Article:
Does My Dog Need a Root Canal?

By Lorraine Hiscox DVM FAVD Dip. AVDC; Jan Bellows, DVM, Dipl. AVDC, ABVP

What is a root canal?

Fig. 1: X-ray showing a dog's root canal after therapy; the root is filled and the crown is restored.The center of the tooth is referred to as the root canal and contains soft tissue called pulp. The pulp is composed of the nerve, blood vessels, and lymphatics. The center of the tooth that contains the pulp is called the pulp cavity.

Root canal therapy is a treatment that involves removing infected pulp from the tooth’s root canal, sterilizing (disinfecting) the canal, and replacing the removed tissue with dental material. The root canal is accessed through the crown of the tooth. Finally, a filling (restoration) is placed in the crown of the tooth to prevent bacteria from further accessing the root canal.

Standard root canal therapy permits the pet to keep the tooth (although it is no longer alive) maintaining its function, as the structural integrity of the tooth has been preserved.

How can I tell that my dog needs root canal therapy?

When a dog breaks a tooth and exposes the pulp, bacteria and oral debris enter the center of the tooth. As a result, a painful inflammation of the pulp (pulpitis) develops, eventually causing the nerves and blood vessels to die (pulp necrosis). The bacteria then move out of the bottom of the root (the root apex) and infect the bone around the root (called apical periodontitis).

Both pulpitis and apical periodontitis are very painful. Given that infection of the tooth and ultimately the bone around the root is highly likely, broken teeth with pulp exposure should be treated as soon as possible, either with standard root canal therapy or extraction. Veterinary dentists tend to recommend root canal therapy where possible, as this treatment preserves the function of the tooth.

Why would I want my dog to have a root canal instead of an extraction?

Root canal therapy is less invasive than extraction and, in most cases, root canal therapy saves the tooth for the rest of the dog’s life. The alternative is to extract a tooth that has good periodontal support. This requires soft tissue surgery and possibly bone removal. The incisions are made through the gums to the supporting bone; the bone on the outside of the tooth may need to be removed. There will be sutures (stitches) placed to close the surgical wound. Your dog will require about two weeks to recover from the surgery and diet and chewing behavior may have to be modified during that time.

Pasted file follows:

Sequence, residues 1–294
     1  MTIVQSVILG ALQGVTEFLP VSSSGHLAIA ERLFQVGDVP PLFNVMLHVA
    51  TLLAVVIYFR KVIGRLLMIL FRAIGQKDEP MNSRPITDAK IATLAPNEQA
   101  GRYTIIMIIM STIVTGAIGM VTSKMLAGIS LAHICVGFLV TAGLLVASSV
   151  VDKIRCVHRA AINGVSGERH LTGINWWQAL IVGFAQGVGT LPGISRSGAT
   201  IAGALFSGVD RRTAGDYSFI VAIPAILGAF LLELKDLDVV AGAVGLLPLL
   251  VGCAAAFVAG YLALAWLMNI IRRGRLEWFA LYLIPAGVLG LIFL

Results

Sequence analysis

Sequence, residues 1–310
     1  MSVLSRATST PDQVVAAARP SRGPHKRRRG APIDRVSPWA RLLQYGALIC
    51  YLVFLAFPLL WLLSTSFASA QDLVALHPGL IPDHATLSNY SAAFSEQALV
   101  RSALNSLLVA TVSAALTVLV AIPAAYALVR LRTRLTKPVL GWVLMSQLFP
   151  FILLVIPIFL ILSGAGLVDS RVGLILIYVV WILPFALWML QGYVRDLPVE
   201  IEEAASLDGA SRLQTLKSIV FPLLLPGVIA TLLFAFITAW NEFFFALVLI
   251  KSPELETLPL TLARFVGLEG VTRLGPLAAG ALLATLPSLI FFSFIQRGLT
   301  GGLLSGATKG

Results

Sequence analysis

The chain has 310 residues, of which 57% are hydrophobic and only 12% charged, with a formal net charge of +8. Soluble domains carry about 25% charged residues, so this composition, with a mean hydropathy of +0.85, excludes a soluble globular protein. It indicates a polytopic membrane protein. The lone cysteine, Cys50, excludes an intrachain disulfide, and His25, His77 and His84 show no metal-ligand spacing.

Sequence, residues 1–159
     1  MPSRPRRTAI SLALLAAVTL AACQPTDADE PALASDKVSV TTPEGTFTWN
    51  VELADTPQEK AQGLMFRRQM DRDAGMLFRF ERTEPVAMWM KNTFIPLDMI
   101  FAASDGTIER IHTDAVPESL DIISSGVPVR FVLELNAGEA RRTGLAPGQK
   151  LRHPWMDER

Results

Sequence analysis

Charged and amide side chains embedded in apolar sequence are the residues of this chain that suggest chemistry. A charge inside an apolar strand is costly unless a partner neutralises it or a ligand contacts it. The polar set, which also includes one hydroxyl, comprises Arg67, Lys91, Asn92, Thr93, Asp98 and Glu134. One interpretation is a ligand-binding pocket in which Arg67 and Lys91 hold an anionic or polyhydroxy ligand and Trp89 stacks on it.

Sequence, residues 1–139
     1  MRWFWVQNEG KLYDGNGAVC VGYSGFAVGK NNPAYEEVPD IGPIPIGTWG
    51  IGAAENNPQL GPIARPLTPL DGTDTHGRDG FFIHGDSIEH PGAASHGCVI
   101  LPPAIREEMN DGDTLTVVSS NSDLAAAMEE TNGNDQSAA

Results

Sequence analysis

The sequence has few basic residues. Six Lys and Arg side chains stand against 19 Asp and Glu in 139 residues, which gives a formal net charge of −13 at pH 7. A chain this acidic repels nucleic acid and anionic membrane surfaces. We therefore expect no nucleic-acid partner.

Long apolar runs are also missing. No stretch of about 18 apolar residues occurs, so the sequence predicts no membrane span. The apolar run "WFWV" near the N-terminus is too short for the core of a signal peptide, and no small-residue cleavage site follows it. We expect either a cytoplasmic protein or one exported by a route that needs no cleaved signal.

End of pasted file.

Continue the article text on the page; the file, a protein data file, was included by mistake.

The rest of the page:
Is root canal therapy painful?

Just the opposite. Root canal therapy removes the infected and inflamed pulp, and the sterilizing process kills the bacteria. The canal and crown access are filled with inert material that prevents further entry of bacteria into the tooth. In most cases, the destruction of the bone surrounding the root resolves and the tooth returns to immediate pain-free function.

Fig. 2: Fractured canine tooth in a dog, showing an exposed root canal.
  Fig. 3: Dog's canine tooth after root canal therapy; the root is filled and the crown restored.

Is it expensive to have my dog’s teeth fixed with root canal therapy?

Performing root canal therapy requires similar equipment, materials, and expertise as in human dentistry. Fees are similar to what human dentists charge. Many pet insurance policies cover part of the expense.

Will my veterinarian do a root canal on my dog or do I have to see a specialist?

Although any licensed veterinarian can perform root canal therapy, the procedure requires advanced training and specialized equipment, materials, and expertise, which most veterinarians do not have. To find a board-certified veterinary dentist to perform root canal therapy for your dog, visit or speak to your veterinarian.

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